Wind turbine blade control methods

 

19

Figure 1-10

 

Accumulation of fatigue cycles

 

22

Figure 2-1

 

Process necessary to analyze composite blades

 

29

Figure 3-1

 

Trends of longitudinal tensile fatigue S-N data for unidirectional composites with various fibers

 

38

Figure 3-2

 

Schematics of various fiber preforms

 

39

Figure 3-3

 

Stress-strain relationships of glass/epoxy laminates under uniaxial tension

 

45

Figure 3-4

 

Modes of damage growth in composite laminate under fatigue

 

47

Figure 3-5

 

Laminate directional properties and shear directional nomenclature

 

52

Figure 3-6

 

Wood strength change due to temperature at two moisture conditions

 

55

Figure 3-7

 

Wood moisture content versus atmospheric relative humidity

 

55

Figure 3-8

 

Effect of moisture content on laminate mechanical properties

 

56

Figure 3-9

 

Typical tensile fatigue strength of wood/epoxy laminate

 

56

Figure 3-10

 

Typical compression fatigue strength of wood/epoxy laminate

 

57

Figure 3-11

 

Typical reversed stress fatigue strength of wood/epoxy laminate

 

57

Suggested Citation:"FRONT MATTER." National Research Council. 1991. Assessment of Research Needs for Wind Turbine Rotor Materials Technology. Washington, DC: The National Academies Press. doi: 10.17226/1824.
×

Figure 4-1

 

Commonly used early HAWT airfoils

 

68

Figure 4-2

 

SERI advanced wind turbine airfoils

 

68

Figure 4-3

 

Nine-meter GRP wind turbine blade

 

70

Figure 4-4

 

Eleven-meter wood/epoxy blade airfoil thickness distribution and planform

 

70

Figure 4-5

 

Flanged GRP blade root design

 

71

Figure 4-6

 

Flanged root design limitation due to steel/GRP strain incompatibility

 

73

Figure 4-7a

 

Bonded steel root tube GRP hub design

 

74

Figure 4-7b

 

Wood/epoxy blade root

 

74

Figure 4-8

 

All-wood/epoxy composite hub

 

76

Figure 5-1

 

UH-1H composite main rotor blade

 

85

Figure 5-2

 

RTM cooling tower blade

 

86

Figure 5-3

 

4BW hingeless bearingless rotor

 

88

Figure 6-1

 

Wind turbine drive train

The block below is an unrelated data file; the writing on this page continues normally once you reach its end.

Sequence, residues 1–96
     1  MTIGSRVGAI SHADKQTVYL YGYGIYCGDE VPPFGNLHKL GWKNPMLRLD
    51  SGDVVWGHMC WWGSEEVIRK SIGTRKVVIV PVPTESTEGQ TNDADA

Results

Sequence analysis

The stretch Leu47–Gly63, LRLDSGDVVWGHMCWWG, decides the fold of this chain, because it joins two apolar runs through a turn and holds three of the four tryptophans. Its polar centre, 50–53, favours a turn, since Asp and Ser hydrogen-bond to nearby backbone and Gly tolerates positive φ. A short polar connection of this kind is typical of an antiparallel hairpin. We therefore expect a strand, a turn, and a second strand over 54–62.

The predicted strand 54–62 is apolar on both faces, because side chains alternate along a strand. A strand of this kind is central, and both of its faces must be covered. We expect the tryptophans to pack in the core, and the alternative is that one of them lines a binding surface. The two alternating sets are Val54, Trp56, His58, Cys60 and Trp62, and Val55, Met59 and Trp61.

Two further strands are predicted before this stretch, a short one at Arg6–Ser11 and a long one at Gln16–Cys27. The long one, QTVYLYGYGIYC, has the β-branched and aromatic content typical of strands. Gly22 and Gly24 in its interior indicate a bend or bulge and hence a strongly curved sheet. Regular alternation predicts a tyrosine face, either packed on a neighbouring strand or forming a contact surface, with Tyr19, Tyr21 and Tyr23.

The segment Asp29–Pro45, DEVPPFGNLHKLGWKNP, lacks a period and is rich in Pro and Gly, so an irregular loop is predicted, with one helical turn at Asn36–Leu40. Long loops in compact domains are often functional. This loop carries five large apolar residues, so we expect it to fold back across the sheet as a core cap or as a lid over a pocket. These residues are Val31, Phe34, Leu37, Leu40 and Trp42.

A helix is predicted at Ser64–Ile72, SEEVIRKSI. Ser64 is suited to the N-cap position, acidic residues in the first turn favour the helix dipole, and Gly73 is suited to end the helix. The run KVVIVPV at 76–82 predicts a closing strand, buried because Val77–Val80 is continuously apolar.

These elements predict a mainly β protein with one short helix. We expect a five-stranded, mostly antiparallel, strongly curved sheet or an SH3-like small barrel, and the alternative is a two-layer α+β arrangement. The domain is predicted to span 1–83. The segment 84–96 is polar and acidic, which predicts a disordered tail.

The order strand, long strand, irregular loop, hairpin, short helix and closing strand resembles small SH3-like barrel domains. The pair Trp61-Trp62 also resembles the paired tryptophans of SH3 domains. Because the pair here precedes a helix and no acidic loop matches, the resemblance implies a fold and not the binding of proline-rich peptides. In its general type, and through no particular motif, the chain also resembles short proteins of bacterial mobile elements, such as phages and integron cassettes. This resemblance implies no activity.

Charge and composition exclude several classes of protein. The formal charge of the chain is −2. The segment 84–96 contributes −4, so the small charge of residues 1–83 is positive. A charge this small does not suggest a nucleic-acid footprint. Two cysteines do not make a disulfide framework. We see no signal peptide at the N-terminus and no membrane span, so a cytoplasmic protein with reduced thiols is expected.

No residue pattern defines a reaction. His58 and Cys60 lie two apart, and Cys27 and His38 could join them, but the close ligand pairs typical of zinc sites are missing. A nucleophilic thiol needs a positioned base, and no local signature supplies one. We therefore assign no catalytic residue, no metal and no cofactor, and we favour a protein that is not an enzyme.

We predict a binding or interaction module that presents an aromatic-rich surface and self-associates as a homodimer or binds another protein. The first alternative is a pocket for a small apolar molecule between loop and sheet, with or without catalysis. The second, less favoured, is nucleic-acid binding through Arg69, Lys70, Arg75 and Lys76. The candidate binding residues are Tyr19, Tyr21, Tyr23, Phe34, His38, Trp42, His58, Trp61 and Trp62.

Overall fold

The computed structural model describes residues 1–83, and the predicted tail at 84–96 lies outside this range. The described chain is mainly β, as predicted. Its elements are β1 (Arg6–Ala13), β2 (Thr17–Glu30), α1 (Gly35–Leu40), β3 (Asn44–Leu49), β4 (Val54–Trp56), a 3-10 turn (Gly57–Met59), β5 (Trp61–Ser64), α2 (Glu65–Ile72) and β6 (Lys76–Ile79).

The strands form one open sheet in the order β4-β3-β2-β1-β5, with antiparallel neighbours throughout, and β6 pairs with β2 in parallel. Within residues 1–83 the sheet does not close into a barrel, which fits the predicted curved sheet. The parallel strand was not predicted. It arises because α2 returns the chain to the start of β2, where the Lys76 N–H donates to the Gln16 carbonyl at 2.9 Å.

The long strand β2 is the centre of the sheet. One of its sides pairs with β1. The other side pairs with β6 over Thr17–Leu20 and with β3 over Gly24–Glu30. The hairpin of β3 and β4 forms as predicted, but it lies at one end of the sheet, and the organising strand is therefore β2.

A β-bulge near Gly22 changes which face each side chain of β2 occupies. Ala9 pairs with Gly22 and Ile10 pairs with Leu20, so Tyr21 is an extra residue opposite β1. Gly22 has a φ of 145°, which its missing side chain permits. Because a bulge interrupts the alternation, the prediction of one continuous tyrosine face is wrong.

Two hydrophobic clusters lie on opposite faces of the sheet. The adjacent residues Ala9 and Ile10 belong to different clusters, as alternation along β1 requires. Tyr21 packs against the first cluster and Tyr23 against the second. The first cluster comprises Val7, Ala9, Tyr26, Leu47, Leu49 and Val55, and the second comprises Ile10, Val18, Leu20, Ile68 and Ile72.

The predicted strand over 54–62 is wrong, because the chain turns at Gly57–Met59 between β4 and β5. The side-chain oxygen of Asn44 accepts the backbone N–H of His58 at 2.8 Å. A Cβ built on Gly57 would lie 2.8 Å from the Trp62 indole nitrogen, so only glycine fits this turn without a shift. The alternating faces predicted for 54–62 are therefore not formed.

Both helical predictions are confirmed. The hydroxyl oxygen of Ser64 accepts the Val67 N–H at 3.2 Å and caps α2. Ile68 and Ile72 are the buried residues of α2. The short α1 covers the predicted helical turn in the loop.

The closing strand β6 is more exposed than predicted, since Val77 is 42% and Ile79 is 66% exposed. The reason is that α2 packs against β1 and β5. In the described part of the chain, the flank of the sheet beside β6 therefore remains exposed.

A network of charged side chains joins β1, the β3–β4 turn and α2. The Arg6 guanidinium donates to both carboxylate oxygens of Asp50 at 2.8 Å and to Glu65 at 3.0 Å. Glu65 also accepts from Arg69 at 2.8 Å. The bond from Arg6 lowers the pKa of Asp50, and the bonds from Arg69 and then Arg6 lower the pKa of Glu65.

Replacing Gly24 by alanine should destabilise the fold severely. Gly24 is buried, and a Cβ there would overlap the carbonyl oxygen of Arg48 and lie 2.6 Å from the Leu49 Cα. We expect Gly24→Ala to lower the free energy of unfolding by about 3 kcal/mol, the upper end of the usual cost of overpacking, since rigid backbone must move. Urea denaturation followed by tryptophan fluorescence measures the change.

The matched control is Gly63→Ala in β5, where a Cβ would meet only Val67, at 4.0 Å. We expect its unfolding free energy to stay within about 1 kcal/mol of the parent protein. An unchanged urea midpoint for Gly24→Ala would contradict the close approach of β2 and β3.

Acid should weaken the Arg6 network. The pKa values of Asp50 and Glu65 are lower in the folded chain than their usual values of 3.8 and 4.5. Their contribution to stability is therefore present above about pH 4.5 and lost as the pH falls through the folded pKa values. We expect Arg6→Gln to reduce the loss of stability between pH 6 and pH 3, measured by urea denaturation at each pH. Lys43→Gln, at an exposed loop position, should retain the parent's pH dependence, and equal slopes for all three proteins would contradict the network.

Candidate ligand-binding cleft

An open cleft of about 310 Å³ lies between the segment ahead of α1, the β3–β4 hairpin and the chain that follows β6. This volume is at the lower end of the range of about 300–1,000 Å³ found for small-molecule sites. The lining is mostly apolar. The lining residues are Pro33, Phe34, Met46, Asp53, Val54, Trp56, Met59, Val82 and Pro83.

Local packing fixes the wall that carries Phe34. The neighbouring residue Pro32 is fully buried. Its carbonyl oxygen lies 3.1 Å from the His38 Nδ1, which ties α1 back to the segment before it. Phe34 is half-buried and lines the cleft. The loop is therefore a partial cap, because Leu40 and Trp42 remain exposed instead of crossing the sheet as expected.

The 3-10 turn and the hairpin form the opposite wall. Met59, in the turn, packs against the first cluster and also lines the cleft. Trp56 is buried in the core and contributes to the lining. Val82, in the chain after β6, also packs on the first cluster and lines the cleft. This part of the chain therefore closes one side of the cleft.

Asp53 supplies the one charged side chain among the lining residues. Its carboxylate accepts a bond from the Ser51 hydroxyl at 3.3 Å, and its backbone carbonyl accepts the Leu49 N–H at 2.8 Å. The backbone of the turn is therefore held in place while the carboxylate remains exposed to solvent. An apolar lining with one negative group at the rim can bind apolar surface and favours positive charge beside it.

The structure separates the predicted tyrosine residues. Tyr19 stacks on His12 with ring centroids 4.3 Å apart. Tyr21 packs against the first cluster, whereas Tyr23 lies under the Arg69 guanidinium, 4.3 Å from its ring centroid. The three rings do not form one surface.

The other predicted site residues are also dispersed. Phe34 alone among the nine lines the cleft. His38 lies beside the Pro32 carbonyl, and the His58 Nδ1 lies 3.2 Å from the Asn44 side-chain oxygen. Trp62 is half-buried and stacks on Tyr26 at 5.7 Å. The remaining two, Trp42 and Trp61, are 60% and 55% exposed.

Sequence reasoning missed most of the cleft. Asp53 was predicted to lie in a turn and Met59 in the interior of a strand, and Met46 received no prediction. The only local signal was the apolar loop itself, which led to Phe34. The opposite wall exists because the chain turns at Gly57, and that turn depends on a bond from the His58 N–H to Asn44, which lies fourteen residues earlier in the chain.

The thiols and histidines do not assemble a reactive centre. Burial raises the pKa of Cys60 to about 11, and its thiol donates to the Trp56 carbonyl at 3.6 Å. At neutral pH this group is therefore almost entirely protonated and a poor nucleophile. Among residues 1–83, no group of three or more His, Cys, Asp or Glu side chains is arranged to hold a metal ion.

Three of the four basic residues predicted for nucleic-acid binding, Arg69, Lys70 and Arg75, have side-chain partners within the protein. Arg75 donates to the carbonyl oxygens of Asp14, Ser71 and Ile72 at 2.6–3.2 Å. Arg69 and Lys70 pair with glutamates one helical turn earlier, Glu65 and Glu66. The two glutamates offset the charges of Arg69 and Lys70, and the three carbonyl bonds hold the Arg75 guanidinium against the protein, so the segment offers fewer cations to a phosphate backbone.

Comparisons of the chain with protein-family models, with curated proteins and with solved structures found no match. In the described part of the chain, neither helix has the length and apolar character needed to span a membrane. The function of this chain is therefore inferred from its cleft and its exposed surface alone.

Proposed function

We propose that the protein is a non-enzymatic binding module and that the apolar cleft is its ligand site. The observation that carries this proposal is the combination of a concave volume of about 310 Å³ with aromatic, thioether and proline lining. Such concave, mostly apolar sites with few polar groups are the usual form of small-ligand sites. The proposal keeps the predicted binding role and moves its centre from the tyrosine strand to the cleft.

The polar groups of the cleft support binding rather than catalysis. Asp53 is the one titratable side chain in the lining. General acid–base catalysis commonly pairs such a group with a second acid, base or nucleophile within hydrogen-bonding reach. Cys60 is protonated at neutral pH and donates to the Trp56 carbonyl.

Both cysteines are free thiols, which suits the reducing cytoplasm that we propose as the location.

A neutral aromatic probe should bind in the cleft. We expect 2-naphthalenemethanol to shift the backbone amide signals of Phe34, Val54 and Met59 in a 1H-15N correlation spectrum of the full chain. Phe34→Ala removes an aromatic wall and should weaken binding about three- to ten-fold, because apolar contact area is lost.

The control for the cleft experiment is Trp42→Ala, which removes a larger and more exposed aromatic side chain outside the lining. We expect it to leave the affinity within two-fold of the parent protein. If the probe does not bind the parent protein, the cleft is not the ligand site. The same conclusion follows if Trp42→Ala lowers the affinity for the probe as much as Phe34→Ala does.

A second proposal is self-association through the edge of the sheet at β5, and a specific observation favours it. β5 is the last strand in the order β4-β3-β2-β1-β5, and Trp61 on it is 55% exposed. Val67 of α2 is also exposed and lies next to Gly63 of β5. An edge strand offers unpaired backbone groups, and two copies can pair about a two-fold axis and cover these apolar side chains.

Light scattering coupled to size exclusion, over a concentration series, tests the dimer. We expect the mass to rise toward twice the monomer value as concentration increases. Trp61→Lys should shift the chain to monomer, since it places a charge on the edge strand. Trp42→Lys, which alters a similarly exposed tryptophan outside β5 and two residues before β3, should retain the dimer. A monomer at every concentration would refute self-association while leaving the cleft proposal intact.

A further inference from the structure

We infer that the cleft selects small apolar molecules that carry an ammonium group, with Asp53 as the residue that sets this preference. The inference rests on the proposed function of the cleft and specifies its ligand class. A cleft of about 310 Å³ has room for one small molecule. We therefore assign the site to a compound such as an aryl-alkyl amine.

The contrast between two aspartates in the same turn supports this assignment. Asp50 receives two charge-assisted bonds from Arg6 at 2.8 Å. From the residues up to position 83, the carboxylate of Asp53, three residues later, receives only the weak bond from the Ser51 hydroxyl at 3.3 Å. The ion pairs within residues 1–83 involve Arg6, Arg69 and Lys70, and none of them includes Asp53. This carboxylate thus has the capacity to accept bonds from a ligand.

92

LIST OF TABLES

Table 2-1

 

Blade Sectional Analysis Codes

 

30

Table 3-1

 

Typical Properties of Fibers

 

36

Table 3-2

 

Typical Properties of Unidirectional Composites

 

37

Table 3-3

 

Properties of Case Resins

 

41

Table 3-4

 

High-Performance Thermoplastics Used as Matrix Resins

 

43

Table 3-5

 

Trade-offs Between Thermosets and Thermoplastics as Matrices

 

44

Table 3-6

 

Typical Static Strength, Type 110 Laminate

 

53

Table 6-1

 

Control Effectors and Sensors for a Pitch Controlled Wind Turbine

 

92

Suggested Citation:"FRONT MATTER." National Research Council. 1991. Assessment of Research Needs for Wind Turbine Rotor Materials Technology. Washington, DC: The National Academies Press. doi: 10.17226/1824.
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Suggested Citation:"FRONT MATTER." National Research Council. 1991. Assessment of Research Needs for Wind Turbine Rotor Materials Technology. Washington, DC: The National Academies Press. doi: 10.17226/1824.
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Suggested Citation:"FRONT MATTER." National Research Council. 1991. Assessment of Research Needs for Wind Turbine Rotor Materials Technology. Washington, DC: The National Academies Press. doi: 10.17226/1824.
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Suggested Citation:"FRONT MATTER." National Research Council. 1991. Assessment of Research Needs for Wind Turbine Rotor Materials Technology. Washington, DC: The National Academies Press. doi: 10.17226/1824.
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Suggested Citation:"FRONT MATTER." National Research Council. 1991. Assessment of Research Needs for Wind Turbine Rotor Materials Technology. Washington, DC: The National Academies Press. doi: 10.17226/1824.
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Suggested Citation:"FRONT MATTER." National Research Council. 1991. Assessment of Research Needs for Wind Turbine Rotor Materials Technology. Washington, DC: The National Academies Press. doi: 10.17226/1824.
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Suggested Citation:"FRONT MATTER." National Research Council. 1991. Assessment of Research Needs for Wind Turbine Rotor Materials Technology. Washington, DC: The National Academies Press. doi: 10.17226/1824.
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Wind-driven power systems represent a renewable energy technology. Arrays of interconnected wind turbines can convert power carried by the wind into electricity. This book defines a research and development agenda for the U.S. Department of Energy's wind energy program in hopes of improving the performance of this emerging technology.